Industrial solutions provider BT Industrial is diversifying into heavy engineering services for the mining industry. With innovation as its key driver, the 100% black-owned company has developed an array of proprietary technologies in collaboration with top universities in the field of engineering. It provides business solutions, quantity surveying, specialised piping systems and solutions, and specialised procurement.
With the South African mining industry faced with transformation, economic, and technological challenges such as increased mechanisation, BT Industrial saw a gap to increase its value-added proposition for its customers in this space. “In order to keep our spirit of innovation alive, we wanted to move into industrial solutions to continue to differentiate ourselves,” Managing Director Kgomotso Lekola comments. Here the main focus was minerals-processing plants and refineries, which have specific engineering requirements.
Lekola, who has a BSc and MBA among his qualifications, comments that what sets BT Industrial apart in a highly competitive marketplace is the quality of its ideas. “Given our relative size, we spend a lot on research and development compared to many other much larger companies. We had to come at it with the aim of doing something different. What has helped us gain traction in such a short space of time is our ongoing commitment to innovation.”
Without innovation, the only differentiator is price, and without scale it is impossible to compete with the entrenched players. “You have to bring real value to the table, which is what we have always strived to do. Having said that, constantly coming up with new ideas is difficult, combined with the general risk aversion of industry,” Lekola explains.
From the introduction of prepaid television in South Africa to insurance hail-warning notifications, Lekola’s involvement with the mining industry began with his acquisition and further strategic development of AfricaWeather, a leader in weather-risk management for the mining industry. Here the key value proposition is safety and work planning according to weather conditions using technology developed to track storms, monitor lightning strikes (cloud-to-cloud and cloud-to-ground), and generating accurate bespoke seven- to 14-day forecasts based on the mine’s unique operational requirements.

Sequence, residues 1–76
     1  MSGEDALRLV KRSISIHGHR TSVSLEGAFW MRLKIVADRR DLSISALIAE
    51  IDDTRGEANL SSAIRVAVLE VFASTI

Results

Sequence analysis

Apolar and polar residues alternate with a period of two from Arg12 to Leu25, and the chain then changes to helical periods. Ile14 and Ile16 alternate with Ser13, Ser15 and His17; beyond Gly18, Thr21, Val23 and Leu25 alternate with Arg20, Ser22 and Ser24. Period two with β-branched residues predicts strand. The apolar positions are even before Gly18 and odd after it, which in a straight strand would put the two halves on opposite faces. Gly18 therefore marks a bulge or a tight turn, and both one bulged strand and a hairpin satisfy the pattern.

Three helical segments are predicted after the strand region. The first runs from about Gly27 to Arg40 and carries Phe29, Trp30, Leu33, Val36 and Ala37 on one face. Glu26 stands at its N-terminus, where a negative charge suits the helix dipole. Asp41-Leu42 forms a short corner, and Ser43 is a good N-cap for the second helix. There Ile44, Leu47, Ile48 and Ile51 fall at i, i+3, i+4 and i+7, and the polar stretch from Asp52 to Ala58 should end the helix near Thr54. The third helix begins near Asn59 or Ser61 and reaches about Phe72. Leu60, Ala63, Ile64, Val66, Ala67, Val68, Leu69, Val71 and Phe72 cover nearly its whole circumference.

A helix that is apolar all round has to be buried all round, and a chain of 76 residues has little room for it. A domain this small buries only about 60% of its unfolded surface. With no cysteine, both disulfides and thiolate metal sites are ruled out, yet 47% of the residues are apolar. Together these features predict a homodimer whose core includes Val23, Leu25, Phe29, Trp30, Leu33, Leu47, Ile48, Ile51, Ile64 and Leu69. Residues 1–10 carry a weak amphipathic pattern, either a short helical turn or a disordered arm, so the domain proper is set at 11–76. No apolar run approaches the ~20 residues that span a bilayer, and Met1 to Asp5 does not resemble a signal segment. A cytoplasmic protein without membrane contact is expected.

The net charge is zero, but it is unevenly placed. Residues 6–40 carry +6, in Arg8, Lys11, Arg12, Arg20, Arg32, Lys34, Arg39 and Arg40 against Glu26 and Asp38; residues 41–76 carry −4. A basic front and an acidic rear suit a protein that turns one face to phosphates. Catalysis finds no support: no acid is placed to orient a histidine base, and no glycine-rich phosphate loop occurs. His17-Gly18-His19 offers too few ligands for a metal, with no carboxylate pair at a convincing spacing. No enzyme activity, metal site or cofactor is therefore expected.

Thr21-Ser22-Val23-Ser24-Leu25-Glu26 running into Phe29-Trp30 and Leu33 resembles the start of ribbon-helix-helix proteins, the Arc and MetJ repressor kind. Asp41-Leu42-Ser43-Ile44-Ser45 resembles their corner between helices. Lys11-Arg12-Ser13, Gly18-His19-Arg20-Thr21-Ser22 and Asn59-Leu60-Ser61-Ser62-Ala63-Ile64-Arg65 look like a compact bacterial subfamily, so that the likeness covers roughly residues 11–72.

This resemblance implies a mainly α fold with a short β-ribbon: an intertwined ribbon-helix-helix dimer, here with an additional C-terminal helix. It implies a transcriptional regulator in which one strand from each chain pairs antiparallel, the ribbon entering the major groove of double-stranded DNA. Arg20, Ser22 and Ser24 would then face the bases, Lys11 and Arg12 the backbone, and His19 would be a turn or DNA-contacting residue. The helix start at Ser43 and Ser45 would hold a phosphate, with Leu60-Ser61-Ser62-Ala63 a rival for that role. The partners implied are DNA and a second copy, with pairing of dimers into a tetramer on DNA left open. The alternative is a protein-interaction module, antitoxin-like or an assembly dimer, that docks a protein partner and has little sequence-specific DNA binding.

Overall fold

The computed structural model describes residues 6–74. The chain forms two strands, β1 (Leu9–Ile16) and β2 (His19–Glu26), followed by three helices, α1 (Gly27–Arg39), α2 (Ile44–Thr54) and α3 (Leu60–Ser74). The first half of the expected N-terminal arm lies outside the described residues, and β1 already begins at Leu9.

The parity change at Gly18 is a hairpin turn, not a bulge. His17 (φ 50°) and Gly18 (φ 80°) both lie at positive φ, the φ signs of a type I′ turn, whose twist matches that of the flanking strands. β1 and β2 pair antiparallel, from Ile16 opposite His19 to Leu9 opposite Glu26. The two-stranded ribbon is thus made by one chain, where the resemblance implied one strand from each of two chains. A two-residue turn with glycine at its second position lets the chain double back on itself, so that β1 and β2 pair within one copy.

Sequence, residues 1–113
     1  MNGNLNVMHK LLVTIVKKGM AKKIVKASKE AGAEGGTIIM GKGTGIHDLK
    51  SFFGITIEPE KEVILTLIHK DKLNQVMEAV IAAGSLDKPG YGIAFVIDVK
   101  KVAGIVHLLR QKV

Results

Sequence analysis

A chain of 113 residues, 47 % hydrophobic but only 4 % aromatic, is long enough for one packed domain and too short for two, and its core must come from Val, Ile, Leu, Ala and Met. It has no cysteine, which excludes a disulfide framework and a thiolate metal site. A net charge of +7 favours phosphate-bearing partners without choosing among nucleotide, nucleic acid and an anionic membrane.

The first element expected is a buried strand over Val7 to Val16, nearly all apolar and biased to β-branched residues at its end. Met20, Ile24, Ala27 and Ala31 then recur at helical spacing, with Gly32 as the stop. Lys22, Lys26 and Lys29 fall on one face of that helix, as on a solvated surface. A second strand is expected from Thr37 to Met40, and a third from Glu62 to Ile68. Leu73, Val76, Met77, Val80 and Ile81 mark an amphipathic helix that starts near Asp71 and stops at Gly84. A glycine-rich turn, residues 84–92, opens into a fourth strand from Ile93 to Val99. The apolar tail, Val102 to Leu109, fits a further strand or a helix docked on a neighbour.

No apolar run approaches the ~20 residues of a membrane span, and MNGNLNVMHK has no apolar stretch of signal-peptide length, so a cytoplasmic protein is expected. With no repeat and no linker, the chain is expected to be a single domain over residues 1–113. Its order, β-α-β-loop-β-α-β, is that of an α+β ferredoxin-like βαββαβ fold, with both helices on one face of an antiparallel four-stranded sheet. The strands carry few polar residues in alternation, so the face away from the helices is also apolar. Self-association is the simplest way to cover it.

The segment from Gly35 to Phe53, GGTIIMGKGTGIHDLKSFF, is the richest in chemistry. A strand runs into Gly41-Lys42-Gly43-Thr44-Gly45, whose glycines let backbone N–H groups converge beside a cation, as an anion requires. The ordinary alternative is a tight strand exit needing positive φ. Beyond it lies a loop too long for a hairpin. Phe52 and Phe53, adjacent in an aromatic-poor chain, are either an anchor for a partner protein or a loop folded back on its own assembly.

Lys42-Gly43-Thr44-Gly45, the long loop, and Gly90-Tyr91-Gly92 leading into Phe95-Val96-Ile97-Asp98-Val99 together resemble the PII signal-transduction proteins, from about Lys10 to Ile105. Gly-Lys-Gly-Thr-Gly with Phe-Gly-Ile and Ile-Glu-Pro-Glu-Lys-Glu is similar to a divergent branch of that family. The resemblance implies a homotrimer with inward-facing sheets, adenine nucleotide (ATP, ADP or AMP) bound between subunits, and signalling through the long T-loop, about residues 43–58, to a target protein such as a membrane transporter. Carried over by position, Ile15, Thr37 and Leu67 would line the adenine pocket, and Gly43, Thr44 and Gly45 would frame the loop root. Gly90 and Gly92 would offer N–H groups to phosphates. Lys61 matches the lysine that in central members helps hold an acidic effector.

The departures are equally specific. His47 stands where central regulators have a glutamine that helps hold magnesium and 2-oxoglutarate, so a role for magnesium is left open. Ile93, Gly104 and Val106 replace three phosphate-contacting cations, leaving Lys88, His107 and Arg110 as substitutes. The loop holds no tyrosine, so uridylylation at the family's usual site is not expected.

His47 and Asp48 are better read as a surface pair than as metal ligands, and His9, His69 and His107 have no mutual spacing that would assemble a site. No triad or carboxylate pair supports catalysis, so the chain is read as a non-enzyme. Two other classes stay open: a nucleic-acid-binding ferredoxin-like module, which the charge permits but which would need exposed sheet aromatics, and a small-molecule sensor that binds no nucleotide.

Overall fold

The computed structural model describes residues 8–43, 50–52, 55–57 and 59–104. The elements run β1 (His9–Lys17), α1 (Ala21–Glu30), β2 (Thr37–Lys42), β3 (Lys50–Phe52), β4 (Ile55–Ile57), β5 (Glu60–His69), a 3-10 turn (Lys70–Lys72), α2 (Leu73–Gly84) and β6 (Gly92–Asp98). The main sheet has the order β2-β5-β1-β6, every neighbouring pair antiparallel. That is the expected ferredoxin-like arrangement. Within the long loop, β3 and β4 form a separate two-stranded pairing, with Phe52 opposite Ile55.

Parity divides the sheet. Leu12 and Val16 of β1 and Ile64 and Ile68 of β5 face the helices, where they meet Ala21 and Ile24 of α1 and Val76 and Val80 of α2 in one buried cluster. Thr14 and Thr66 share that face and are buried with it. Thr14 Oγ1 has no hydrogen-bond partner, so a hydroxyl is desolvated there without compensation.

This paved the way to develop more technological solutions for mines, and hence BT Industrial was established. “This gave me direct exposure to the mining industry in terms of both its business risks and opportunities,” Lekola adds. He reveals that the company has been hard at work on an array of innovative processes and techniques for proactive maintenance in process plants and mines that it will launch officially in early 2019. “The key to proactive maintenance is that it must be optimised to reduce the risk of disruptive shutdowns.”
Lekola elaborates that pilot trials are currently being undertaken in conjunction with a major industry player. “We want to complete the pilot trials first in order to showcase our value proposition, following which we will come to market with full guns blazing. It is very exciting for us. I am of the view that the only way to be successful in this industry in Africa is to be able to innovate. This allows you to stay ahead of the pack without being mired in price-cutting exercises, which end up being costlier in the long run, as it detracts from the total return on investment.”
In terms of the South African mining industry, Lekola notes that it has been a pioneer in ultra-deep level gold-mining for many years. “We have an incredible knowledge base and skills set in South Africa. The one area where we have lagged is in mechanisation, compared to Australia, for example, where the production cost for an ounce of gold or ton coal is lower.” However, it then created the misconception that this lack of productivity is inherent in the local labour force itself.
This is where a major innovator such as BT Industrial stands to play a key role in revitalising the mining industry in Africa. “We have a choice as a continent whether or not we want to be behind the curve, or ahead of it. Yes, it is capital-intensive and difficult to execute, with a lot of socio-political factors to consider as well. The balance that we need to strike is between increasing efficiencies and mechanising without necessarily putting people out of work. There is no simple solution to that.”
However, Lekola remains bullish as to the future of the mining industry, both locally and in Africa. “I do believe we will solve the problems facing the mining industry, however intractable and systemic they may appear to be. We are a proudly South African company, and are deeply committed to helping our country continue to prosper well into the future,” he concludes.FOLLOW US ON SOCIAL MEDIA